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The issue of animal rights and its focus on the relationship between humans and the animal world is a prickly one and, more often than not, highly politicised. At first glance Barbara Dover’s ‘Animal Matters’ appears to take a less confrontational approach to this theme yet, upon closer examination, it becomes clear that she has an impassioned statement to make, be it personal and/or political. Her assertions, presented through a variety of art forms (printmaking, digital photography, assemblage and installation), may be executed with subtlety, disguised or couched in layered innuendo, but are nonetheless provocative and at times disturbing.
Dover’s use of materials (Perspex juxtaposed against feathers, egg shells, animal hair and fur), the aesthetic and the forms she employs (the repetitive use of Perspex tubes, cubes and cages to denote entrapment and rationalisation), the text invoked to describe the fate of the animals (packaged, mechanised, constrained, reconstituted), her images (haunting photographs of cows and horses), and titles (Breathless, Barrier, Anon), are all very deliberate and act directly upon our sense of right and wrong. No matter where we stand the bovine or equestrian gaze is upon us, uncanny and unrelenting. But, most of all, the work is discomfortingly anthropomorphic: the boundaries between animal and human are blurred and our universal sentience stirred as we look back into the eyes of our fellow creatures.
Using discarded organic animal matter such as cows’ tails, horses’ hair and chicken feathers, together with manufactured and inorganic Perspex, Dover tests the relationships between opposites as she explores the tensions within her theme. Animal remnants have been searched out and saved from the scrap heaps, transported to the suburbs, lovingly washed and cleansed, dried, colour-coded, combed and coiled, before being re-salvaged with great care and consideration into works of art that hang in a metropolitan gallery. Here the artworks do homage to the beauty of the animals they represent, as they are finally laid to rest in a manner seen by the artist as more worthy. Hence there is the acknowledgement and accompanying ritual of death suggested within many of these works. The process is ritualistic, sacrosanct and seemingly cathartic. What was obviously a very tactile experience for the artist becomes an aesthetic encounter for the viewer.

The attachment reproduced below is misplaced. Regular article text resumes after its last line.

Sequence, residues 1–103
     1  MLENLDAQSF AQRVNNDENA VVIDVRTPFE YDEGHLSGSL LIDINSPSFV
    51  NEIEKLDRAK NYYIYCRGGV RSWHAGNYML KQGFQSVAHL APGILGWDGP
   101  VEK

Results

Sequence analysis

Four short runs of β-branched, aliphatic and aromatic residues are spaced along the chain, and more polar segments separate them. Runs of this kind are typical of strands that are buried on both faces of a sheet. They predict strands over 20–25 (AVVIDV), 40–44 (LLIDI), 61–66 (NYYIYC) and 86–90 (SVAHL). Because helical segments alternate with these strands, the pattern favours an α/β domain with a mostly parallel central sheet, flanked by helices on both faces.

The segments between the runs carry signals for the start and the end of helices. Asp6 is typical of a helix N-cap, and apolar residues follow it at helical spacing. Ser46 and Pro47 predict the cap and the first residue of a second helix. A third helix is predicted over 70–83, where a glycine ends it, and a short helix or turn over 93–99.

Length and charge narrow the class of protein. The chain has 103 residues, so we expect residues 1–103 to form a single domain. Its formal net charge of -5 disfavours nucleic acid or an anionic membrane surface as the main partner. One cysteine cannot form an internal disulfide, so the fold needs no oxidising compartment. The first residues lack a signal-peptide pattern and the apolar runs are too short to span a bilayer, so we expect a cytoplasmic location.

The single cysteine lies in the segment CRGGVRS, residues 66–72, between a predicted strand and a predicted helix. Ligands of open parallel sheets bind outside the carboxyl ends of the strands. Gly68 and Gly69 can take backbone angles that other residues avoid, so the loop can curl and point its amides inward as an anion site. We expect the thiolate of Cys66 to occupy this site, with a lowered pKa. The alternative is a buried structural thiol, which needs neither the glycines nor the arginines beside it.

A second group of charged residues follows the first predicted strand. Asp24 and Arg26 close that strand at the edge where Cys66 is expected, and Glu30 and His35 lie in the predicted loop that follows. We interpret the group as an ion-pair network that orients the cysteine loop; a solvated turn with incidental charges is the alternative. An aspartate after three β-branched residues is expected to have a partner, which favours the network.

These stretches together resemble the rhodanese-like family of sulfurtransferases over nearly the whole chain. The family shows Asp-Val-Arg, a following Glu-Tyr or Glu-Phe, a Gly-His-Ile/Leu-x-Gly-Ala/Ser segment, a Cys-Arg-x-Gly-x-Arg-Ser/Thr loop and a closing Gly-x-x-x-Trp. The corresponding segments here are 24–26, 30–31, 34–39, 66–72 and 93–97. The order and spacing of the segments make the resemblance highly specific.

At the same time, however, and in keeping with the deliberate discrepancies within the artist’s theme and approach, there is an exacting relentlessness to these works that ironically acts to endorse the very themes the artist speaks against, namely rationalisation and commodification, their associated by-products, and the tricks employed to ensnare our sensitivities against the brutality involved in such activities. Animal hair is painstakingly and seductively packaged in tubes of Perspex resembling consumer products; thousands upon thousands of chicken feathers are entrapped within a number of identical, factory-like constructions that stand centre-stage, opulent yet regimental; whilst beautifully assembled Perspex cages line one wall, empty save for a few selected and suspended animal remnants: egg shells, vertebrae, feathers and hide. Throughout this viewing experience we are consistently faced with opposition whether it be between violation and pleasure, minimalism and excess, suffocation and sterility. The tensions are uneasy, at times ambiguous and jarring: the effects unsettling yet satisfying.
Issues such as animal rights are never determined and to seek a resolution in such an exhibition would be futile. However, Animal Matters grapples very directly with our senses, values and belief systems, and is a potent plea for the rights of animals. The artist is a self-confessed animal activist and this particular exhibition stands as a notable resolution between two formerly disparate parts of her life; an artist on the one hand and animal rights activist on the other. To say that this is not an exhibition of animal activism is therefore to miss the point. However, the two areas have been brought together with artistic integrity and skill, as well as a sense of compassion and reverence towards the theme. The exhibition is powerful statement of the Dover’s concerns towards the rights of animals (and the wrongs we inflict upon them) and a successful reflection of the strength of her own professional development as an artist. No more, and no less.